Comm Eye Health J. 03 March 2022 Epub ahead of print. Comm Eye Health Vol. 34 No. 113 2021 pp 86-87. Published online 03 March 2022.

Including eye care in the Integrated Management of Childhood Illness (IMCI) programme in Bangladesh

AHM Enayet Hussain

Director General: Directorate of Medical Education, Ministry of Health and Family Welfare, Bangladesh.

Khaleda Islam

Director Primary Health Care (Retired) & Directorate General of Health Services: Mohakhali, Dhaka, Bangladesh.

Four children outside a house. One child (boy) is carrying another child (boy) on his back, the other two children (girls) are sitting down on the ground.
Children play outside. BANGLADESH © Ahamed Jehad CC BY-NC-SA 2.0
Related content

Bangladesh has successfully integrated primary eye health care for children into the country’s Integrated Management of Childhood Illness (IMCI) programme.

In Bangladesh, primary eye health care (PEHC) for all ages was included in the National Eye Care Operational Plan, but children were not specifically being reached, as eye care was not included in the World Health Organization’s (WHO’s) Integrated Management of Childhood Illness (IMCI) programme. To address this, in 2016, with support from WHO, an initial package of interventions to identify and refer children with eye conditions by primary health care workers was developed and pilot tested in one sub-district. As this initiative was successful, it was decided to advocate that eye care be included in the national IMCI program to make it sustainable.

The National Newborn Health and IMCI Program of the ministry of health and family welfare took the initiative. Several consultation meetings were held in 2017, involving stakeholders in newborn care, child health, and eye care from the government, United Nations agencies, non-governmental organisations, professional associations, and district program managers. It was estimated that including eye care and screening in IMCI would benefit around 7.5 million children every year, using the same resources and workforce with some additional training. In May 2018, government policymakers, WHO, UNICEF, and technical experts agreed to include eye care in IMCI, and Sightsavers supported a pilot project in one district.

A technical group developed the curriculum and training materials, which included screening using a torch. Guidelines for identifying eye problems were produced, and strong referral mechanisms to the district hospital eye department were developed. IMCI recording forms for children aged <2 months and 2–59 months were updated to include eye conditions, and referral slips and reporting forms were designed. The eye conditions screened for in children were a white pupillary reflex, watering, red or discharging eye(s), and structural abnormalities. Eye injuries, squints, and concerns about vision were added for older children. Community health workers attached to facilities delivering IMCI were also requested to promote awareness about eye conditions in children in the community. IMCI staff members started screening children in July 2018, and referring cases requiring further eye care to the sub-district medical officer for treatment or referral to the district hospital ophthalmologist. The technical group members conducted regular monitoring and supportive supervision to monitor the quality of care and reporting. The IMCI national database (District Health Information Software 2 [DHIS2] of the Director General of Health Services) was modified to include eye conditions in children, and health facilities used this system for monthly reporting.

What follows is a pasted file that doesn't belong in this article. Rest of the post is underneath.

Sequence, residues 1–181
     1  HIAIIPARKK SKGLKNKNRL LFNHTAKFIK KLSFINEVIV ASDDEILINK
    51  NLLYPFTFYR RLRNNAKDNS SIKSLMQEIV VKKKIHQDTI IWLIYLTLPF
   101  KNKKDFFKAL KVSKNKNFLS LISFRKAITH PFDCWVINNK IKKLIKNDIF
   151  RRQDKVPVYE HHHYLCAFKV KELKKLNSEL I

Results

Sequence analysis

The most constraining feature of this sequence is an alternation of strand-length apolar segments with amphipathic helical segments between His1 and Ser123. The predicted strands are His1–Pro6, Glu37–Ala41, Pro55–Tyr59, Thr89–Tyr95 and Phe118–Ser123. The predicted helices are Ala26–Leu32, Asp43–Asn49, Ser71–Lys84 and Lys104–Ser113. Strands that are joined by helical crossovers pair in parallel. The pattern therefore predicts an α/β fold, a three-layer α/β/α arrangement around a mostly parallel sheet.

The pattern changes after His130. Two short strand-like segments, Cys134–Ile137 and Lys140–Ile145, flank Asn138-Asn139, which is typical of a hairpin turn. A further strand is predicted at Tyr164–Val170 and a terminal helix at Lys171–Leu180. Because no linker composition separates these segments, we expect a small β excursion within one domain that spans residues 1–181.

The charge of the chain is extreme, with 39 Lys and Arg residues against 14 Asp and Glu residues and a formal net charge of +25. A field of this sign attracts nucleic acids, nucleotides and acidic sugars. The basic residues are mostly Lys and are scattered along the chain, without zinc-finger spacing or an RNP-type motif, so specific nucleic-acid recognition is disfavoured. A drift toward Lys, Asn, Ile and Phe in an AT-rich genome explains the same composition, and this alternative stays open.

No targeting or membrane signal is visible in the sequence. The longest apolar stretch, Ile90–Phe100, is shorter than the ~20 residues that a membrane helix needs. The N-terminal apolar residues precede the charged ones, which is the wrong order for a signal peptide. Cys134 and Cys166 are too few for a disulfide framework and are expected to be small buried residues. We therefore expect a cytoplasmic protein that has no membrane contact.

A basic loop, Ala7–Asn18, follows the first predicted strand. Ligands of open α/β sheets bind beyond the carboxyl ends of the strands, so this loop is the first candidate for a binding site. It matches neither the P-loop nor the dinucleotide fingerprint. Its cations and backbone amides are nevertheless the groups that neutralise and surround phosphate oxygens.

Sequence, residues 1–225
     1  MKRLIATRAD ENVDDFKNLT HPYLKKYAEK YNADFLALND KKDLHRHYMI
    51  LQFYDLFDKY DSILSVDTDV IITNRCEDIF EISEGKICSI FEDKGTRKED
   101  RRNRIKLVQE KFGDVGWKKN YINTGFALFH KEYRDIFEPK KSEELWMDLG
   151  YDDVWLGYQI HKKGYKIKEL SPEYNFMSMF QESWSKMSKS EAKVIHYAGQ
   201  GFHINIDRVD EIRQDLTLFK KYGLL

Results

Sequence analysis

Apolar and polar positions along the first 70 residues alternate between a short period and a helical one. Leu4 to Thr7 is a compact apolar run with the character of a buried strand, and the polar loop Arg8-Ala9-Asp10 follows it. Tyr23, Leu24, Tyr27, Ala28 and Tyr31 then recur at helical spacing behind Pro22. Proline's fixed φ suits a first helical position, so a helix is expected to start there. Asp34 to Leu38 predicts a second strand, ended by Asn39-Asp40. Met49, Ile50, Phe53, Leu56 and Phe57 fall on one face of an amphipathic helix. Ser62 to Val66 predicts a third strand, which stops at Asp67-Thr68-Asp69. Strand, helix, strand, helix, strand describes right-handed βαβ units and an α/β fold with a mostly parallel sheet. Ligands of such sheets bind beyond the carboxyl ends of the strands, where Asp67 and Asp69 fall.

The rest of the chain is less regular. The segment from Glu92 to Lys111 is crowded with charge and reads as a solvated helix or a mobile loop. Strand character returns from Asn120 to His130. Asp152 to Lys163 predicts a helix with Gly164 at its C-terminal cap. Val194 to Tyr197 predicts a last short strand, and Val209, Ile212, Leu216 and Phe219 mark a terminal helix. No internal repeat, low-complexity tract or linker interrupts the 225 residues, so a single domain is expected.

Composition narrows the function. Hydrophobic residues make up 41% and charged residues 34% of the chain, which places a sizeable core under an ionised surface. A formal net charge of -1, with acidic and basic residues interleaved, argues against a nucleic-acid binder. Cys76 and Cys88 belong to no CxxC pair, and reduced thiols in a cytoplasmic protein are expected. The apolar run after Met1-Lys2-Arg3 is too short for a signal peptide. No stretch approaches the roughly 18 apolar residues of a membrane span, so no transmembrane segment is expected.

Lessons learned

IMCI staff could screen and refer cases confidently after basic training. Additional in-service training increased performance.

The eye care component of the IMCI was included in monthly facility coordination meetings, which increased awareness among all stakeholders.

Health promotion by community health workers increased awareness of eye conditions and referrals from the community to primary health care clinics. Good follow-up, coordination, and strong referral mechanisms improved the quality of eye care. Including IMCI (which now has the eye care component) in the curriculum of medical, nursing, and paramedical students, increases effectiveness.

Conclusions and recommendations

Integrating eye care into the IMCI program is a feasible, efficient, effective and sustainable way to provide primary eye health care for children in Bangladesh. Basic equipment, logistical support and training, with refresher training as trained staff may be transferred, are essential. Incorporating eye care into IMCI is an excellent example of enhancing available resources to address avoidable blindness in children by strengthening the health system to ensure universal eye care in Bangladesh.